monthly art walk A may be launched by January, allowing the public to meet the artists. There's a built-in following right behind the plaza, with some 2,000 people in more than 600 apartments.
"You've got to get creative," said Coles-Dobay
who connected the artists with Olen Properties, the developer. She's encouraged other retail developments to form similar partnerships.
No others have developed so far, she said.
Organizers hope the artwork draws people who end up patronize existing businesses. That, in turn, can draw entrepreneurs to the vacant retail spaces, organizers say.
Although these art installations are temporary, artists would be given enough notice and allowed to move to another empty storefront if a business moves in, said Bobby Jones, Quantum marketing director.
"It's a win-win situation for everybody," he said, "It draws more people to the area; it gives [artists] exposure. It's been a nice addition here.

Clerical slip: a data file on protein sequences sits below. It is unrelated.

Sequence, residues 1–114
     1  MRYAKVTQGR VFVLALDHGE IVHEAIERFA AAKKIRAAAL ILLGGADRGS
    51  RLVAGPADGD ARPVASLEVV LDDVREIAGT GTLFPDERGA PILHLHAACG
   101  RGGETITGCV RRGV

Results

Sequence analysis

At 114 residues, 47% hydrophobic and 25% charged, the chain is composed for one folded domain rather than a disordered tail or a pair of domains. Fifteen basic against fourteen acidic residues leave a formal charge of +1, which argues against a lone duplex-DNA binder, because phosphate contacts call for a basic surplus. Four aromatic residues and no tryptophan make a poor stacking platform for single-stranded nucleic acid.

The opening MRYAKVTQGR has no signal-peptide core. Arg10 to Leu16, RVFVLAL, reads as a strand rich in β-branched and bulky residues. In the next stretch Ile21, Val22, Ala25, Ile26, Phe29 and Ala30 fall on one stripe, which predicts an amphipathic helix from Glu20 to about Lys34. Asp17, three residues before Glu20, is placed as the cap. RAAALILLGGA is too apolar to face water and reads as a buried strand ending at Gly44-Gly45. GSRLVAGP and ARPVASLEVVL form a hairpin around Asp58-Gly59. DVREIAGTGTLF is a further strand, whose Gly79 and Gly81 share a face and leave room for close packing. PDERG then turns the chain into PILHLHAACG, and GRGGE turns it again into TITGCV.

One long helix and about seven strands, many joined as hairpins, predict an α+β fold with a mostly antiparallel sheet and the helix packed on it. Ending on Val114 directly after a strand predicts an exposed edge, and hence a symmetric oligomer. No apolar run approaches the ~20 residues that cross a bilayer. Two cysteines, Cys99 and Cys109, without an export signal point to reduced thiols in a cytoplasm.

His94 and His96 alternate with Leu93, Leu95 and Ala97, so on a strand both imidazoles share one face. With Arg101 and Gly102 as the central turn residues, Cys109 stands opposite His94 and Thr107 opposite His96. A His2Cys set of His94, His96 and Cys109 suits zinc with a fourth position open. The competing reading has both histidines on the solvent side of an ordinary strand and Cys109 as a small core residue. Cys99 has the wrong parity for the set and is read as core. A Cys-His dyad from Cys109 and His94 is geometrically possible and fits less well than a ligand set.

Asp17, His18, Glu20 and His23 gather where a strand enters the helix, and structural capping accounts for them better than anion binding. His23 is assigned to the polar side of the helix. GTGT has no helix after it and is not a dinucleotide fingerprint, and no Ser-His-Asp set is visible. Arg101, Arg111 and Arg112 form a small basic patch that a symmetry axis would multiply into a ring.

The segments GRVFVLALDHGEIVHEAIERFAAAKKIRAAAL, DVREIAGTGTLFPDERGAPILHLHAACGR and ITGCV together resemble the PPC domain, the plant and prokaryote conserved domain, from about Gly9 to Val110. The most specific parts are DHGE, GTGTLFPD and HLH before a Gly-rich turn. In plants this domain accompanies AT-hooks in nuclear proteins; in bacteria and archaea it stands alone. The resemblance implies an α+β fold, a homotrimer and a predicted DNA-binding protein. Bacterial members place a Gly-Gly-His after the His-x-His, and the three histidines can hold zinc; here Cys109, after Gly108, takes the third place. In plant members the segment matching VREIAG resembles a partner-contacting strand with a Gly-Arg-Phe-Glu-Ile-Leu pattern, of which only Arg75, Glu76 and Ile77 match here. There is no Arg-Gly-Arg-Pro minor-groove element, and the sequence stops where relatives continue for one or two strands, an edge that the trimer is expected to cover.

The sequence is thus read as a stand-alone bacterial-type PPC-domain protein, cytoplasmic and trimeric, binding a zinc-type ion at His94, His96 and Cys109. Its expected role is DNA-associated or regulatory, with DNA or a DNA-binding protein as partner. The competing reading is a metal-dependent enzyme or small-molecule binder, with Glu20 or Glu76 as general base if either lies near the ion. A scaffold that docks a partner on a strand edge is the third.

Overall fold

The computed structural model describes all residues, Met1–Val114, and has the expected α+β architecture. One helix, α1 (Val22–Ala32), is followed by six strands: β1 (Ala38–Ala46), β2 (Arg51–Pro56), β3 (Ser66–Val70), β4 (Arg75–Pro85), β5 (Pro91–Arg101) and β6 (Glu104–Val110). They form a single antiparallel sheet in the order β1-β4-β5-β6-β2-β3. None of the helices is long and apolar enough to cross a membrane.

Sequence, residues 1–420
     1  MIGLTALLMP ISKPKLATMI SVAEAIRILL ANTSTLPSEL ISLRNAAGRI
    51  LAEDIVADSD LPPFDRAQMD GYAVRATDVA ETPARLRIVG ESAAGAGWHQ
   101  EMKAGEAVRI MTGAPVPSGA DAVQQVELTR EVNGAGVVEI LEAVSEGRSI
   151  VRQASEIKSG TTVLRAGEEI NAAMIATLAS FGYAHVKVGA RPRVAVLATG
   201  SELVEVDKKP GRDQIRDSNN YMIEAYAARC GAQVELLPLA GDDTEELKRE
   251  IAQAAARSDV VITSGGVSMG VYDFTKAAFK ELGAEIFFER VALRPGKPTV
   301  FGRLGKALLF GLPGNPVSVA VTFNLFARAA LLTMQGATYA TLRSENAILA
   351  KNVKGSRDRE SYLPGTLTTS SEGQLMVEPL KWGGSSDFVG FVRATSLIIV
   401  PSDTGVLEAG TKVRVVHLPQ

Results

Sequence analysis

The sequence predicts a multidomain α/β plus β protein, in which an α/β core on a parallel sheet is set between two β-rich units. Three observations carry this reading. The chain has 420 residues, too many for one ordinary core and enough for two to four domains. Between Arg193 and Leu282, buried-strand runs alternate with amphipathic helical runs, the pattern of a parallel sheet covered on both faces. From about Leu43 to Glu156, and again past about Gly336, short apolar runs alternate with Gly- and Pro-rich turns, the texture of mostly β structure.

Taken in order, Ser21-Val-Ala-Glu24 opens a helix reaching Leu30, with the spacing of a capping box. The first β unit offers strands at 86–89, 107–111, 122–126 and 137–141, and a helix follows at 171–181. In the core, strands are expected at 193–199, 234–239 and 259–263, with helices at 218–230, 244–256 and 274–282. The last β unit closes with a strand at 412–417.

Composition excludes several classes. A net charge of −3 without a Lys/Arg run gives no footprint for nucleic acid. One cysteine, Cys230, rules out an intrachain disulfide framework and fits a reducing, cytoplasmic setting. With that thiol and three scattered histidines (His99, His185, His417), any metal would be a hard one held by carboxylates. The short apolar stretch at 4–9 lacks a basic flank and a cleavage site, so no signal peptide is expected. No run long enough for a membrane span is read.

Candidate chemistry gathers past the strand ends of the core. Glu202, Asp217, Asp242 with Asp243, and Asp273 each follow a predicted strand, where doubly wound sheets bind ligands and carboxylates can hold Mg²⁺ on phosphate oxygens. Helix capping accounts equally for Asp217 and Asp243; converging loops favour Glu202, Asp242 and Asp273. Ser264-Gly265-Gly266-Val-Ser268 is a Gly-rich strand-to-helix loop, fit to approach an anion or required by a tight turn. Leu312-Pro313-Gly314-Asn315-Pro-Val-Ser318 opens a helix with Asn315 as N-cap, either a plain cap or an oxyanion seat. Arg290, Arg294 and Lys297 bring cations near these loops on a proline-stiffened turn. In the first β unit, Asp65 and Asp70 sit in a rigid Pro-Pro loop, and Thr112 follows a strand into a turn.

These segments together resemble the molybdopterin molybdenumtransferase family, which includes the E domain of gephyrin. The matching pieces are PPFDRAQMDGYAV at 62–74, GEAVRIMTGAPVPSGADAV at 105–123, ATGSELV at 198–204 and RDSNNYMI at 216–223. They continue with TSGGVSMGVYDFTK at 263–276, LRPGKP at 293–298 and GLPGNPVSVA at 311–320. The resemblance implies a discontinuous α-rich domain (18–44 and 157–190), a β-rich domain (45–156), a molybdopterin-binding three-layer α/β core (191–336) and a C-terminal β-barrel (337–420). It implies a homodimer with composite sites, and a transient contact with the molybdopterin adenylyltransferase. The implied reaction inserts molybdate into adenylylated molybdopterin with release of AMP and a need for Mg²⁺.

A cigar lounge and a community pharmacy will open soon and Quantum is negotiating with two restaurants to open there.
"The idea is to plant the seed in Quantum. The idea is to grow and expand to the whole city," said Sergio Cervantes, a Miami photographer displaying there.
Robert L. Lynch, president and CEO for Americans for the Arts, a nonprofit organization that promotes the arts, says the arts stimulate more than just the economy.
"Art in an unexpected place in a downturn economy gives hope. You have the opportunity to see something very positive, usually very animated and exciting," he said, "If you simply listen to the financial news, you could get pretty much a sense of hopelessness. I think, in a way, the art just being there, just that energy gives people a sense that we're moving forward. These bleak times won't be there always." or 561-243-6602.